BoA Physics

by wjw on September 17, 2016

Friend of the blog Michael Wester tells me that noted science foundation Bank of America has issued a report to its clients that there is a 20-50% chance we are living in a Matrix-style simulation.  (Where are my cool shades and shiny leather coat?)  The report cites Elon Musk, Neil de Grasse Tyson, philosopher Nick Bostrom, and others.

You may well wonder why the Bank of America takes such an interest in the question.  Perhaps they want to assure their clients that any money lost by BoA never really existed.

Still, you may remember my Implied Spaces, where I suggested that the existence of cosmological constants would point to the artificiality of the universe, because such a constant would just be an arbitrary number or formula inserted by the creators to make their experiment work the way they wanted it to.

Still, “artificial” is not the same thing as “simulation.”  To run a computer simulation of the entire universe would run up against the Bekenstein Bound, which limits the amount of information that can be contained in a universe with a finite amount of energy.  To describe a single hydrogen atom takes a megabyte of information, so to describe the actions and interactions of all particles in the universe would take . . . well, a heck of a lot of megabytes.  Any computer big enough to run a simulation of the universe would have to be larger than the universe itself, and with a lot more energy.

Personally I think we’re all living in the Hardwired universe, albeit a few years before the action of the book begins.

Mason Rourman September 17, 2016 at 11:36 pm

Just curious how you came to 1-MB-per-H value? Also, a simulation of the entire universe wouldn’t be necessary – wouldn’t even need a simulation of the entire earth… all you’d need to do is pay close attention to the observational capability of all individual humans and their instruments, and increase the functionality of your system at the time of those observations. If, for one example, someone wants to take high-resolution scans of a small part of the night sky, then the simulation would have to radically increase its immediate capability to handle that measurement. Once the measurement is over, the amount of extra processing power and storage could be reduced and some sort of snapshot of the information at that point could be kept for the next time a similar measurement is made. If someone measures subatomic particles, then the same thing could apply. Nobody is constantly measuring all information of what’s happening, say, in the center of the earth to a high resolution, simply because we haven’t gotten that far technologically speaking.
Of course, this proves nothing for or against the possibility of us being in a big simulation or a hardwired universe, but I suspect it would be an easy way to make it much more possible than trying to constantly simulate every possible particle of every possible point, everywhere.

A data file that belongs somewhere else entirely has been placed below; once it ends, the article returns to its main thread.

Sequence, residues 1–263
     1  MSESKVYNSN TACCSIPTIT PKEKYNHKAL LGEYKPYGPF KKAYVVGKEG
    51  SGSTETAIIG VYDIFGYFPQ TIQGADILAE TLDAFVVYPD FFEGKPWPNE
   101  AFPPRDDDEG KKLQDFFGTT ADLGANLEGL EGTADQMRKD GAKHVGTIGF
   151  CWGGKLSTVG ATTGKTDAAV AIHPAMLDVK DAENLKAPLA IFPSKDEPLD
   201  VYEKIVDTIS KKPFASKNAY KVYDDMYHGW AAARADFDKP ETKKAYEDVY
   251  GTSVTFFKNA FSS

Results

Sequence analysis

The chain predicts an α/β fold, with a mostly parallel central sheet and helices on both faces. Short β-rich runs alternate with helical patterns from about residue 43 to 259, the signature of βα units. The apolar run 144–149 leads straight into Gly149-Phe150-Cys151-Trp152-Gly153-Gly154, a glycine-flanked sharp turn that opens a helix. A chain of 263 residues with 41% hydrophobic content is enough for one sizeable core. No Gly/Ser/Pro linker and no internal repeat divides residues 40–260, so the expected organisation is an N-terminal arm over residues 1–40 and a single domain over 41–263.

Just my own meandering thoughts. Take it with a grain of salt – I’m no genius.

mark September 19, 2016 at 11:33 am

A Hardwired world… oh, crap. Yeah, I’ve been noticing for a few years now that we seem to have transitioned to a cyberpunk dystopia, and I Am Not Amused, as the Lady said. It *sure* ain’t the future I expected my kids to have.

Oh, and this is NOT the Real 21st Century, I want the REAL one back, NOW, thankyouveddymuch. And where’s the website that I can buy my ticket on the PanAm shuttle to the Wheel?

mark “next year in orbit”

wjw September 21, 2016 at 12:39 am

Mason, that particular statistic came from an article by Steven Baxter in an anthology called Exploring the Matrix, to which I also contributed.

The problem with simulating only those parts of the universe that someone is viewing at the time is that you have to know where everyone is looking at all times, and if they’re looking =anywhere else,= the whole charade becomes obvious.

In fact, why bother to create a huge simulation when the sinister tricksters behind this all can make use of brains-in-bell-jars, as in Descarte’s original thought experiment— and as in the Matrix movie, for that matter. Flooding a single mind with false data is a lot more cost-effective in terms of computing power, or so I’d imagine.

mark September 21, 2016 at 11:24 am

One more thing, that I thought of last night: if it’s all a simulation, then why do people die, for no good reason, at like 36, or 43, or….? Or why is MS and diabetes and obesity here – they don’t make good-looking characters….


Mason Rourman September 21, 2016 at 9:41 pm

Reasonable, WJW. I’m just trying to assume true “free will” on the part of the simulated beings but full fidelity in their field of view. You’re correct that it would take a massive amount of processing power, but I’m trying to reduce it down to the minimum necessary in order to at least make it even feasible. Of course, whoever created the simulation may have broken the Moore’s Law barrier and can do the processing necessary for the fidelity, and have sufficient power, memory, and processing capability to make this as large (or subatomic) a simulation as they want or need.
In graduate quantum electrodynamics classes, I had a discussion about it with my professor, and it’s absolutely a possibility that our universe exists simply because it happened to be the one that popped up out of the void and had self-aware beings that were there to collapse their own waveforms, forcing the state to hold instead of drop away. Of course, that has nothing to do with your initial question, but it’s just an interesting side-topic.
And for anyone reading this, just a jumping point for research outside of BofA:

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